What Laundry Teaches Us About Life


When I was eleven years old, my mom taught me how to do my own laundry. I faced the chore enthusiastically-even transforming a cardboard box into a cute laundry hamper with pink and white paint. However, learning to do my laundry required time and patience. Even with my mom’s careful coaching on sorting colors and operating the washer and dryer, years passed before I fully comprehended the concepts. I ended up with at least one white shirt that is now blush because I washed it with a darker garment. Thankfully, blush is now in style, so I can pretend I did it on purpose.

While laundry may be viewed as drudgery or an inconvenience, I think it is the best chore ever. Here are four reasons we can be grateful that we have to do laundry:

1) Laundry gives us the opportunity to serve those in our households.

Serving those outside our home is often easier than serving the people who are closest to us. For example, going on a mission trip provides us with an adventure. It is exciting because we are meeting new people and experiencing a different culture, so serving and being selfless in this environment is natural. However, we often take those we live with (our families) for granted. One practical way we can love those around us is to perform simple tasks for them. Even folding and putting away a load of a family member’s laundry can be a huge encouragement. Several times, my sisters have sneaked into my room and folded my clothes for me. I have always felt so loved by this sweet gesture.  If you are trying to find ways to serve your family, look no further than their mountains of laundry.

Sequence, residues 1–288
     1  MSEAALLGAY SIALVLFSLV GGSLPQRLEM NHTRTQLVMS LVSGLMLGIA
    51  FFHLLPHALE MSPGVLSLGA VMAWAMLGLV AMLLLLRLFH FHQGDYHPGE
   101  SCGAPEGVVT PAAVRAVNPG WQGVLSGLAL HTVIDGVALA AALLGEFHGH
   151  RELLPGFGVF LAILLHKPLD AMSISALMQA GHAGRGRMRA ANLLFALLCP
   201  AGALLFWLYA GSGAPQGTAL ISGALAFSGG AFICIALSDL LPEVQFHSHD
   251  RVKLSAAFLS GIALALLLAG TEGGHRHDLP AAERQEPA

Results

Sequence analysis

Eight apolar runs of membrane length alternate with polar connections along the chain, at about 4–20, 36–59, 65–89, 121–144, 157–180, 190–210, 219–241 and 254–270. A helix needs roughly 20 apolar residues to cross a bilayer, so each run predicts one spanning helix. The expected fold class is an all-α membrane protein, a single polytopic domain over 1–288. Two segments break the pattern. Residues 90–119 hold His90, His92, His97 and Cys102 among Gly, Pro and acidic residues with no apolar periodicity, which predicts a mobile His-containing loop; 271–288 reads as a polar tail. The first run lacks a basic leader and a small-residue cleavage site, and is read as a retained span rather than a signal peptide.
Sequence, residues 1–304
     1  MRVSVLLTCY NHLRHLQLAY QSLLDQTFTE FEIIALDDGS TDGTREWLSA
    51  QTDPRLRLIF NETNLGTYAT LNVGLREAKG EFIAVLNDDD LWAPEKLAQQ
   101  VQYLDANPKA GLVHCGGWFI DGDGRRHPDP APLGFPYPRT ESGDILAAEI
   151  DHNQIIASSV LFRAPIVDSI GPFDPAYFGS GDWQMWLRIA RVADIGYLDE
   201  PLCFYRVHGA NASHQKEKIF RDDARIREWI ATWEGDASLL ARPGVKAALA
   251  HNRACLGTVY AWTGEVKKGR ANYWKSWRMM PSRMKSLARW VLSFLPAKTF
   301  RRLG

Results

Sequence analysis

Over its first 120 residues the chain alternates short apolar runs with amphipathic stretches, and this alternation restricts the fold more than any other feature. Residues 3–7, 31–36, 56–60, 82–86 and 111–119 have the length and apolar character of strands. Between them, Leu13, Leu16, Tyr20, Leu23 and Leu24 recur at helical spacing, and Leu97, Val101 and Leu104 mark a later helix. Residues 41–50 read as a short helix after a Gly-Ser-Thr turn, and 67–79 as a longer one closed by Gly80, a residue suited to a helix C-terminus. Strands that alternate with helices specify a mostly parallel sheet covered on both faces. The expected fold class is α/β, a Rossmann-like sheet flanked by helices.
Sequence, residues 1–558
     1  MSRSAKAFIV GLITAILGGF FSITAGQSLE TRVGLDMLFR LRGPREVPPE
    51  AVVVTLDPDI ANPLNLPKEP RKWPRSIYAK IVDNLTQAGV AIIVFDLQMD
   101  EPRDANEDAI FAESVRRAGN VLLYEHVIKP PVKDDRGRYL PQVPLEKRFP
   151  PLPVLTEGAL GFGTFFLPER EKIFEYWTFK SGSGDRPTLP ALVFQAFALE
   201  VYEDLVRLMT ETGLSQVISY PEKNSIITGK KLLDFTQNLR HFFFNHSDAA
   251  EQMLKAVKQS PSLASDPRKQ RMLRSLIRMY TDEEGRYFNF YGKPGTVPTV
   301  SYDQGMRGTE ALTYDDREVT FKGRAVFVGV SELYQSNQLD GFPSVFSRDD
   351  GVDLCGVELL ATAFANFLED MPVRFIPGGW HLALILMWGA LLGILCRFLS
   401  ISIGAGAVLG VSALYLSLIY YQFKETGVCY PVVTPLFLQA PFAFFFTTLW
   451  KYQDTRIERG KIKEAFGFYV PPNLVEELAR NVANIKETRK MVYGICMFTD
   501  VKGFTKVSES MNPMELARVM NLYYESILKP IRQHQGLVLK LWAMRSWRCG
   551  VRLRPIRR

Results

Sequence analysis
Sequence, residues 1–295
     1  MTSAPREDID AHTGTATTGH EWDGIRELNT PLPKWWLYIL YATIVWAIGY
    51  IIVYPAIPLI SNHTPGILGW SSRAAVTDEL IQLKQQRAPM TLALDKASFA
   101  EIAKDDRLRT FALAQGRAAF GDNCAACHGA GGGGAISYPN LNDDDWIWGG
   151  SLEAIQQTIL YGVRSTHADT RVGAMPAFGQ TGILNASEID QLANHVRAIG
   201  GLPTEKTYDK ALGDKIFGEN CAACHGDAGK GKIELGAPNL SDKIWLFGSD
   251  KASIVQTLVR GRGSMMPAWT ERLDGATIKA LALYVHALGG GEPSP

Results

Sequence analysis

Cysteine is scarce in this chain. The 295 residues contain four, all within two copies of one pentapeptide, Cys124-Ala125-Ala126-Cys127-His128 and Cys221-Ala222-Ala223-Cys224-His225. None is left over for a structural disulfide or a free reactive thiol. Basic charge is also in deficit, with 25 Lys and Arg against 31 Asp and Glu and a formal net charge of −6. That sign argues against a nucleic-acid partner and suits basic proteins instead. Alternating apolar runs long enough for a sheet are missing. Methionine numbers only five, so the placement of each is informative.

2) Laundry can help us realize how privileged we are.

Sometimes, laundry can seem endless, like a waste of a perfectly good Saturday afternoon. But people in third-world countries would love the opportunity to do laundry like we do.  Not only would they appreciate having high quality clothing, but they would also appreciate the modern appliances we have to make laundry simpler. Washing clothes by hand is exhausting. Twice when our washer was out of order, I decided to wash my laundry by hand. Only when I was in the middle of the project did I realize the difficulty of doing laundry without a washer and dryer. Wet clothes are heavy, and you use a lot more water than your washer would. If you need a reason to be grateful, then you can simply look at your clean pile of high-quality clothing and the two machines that made doing your laundry so easy.

3) Laundry gives children and teenagers a chance to cultivate responsibility.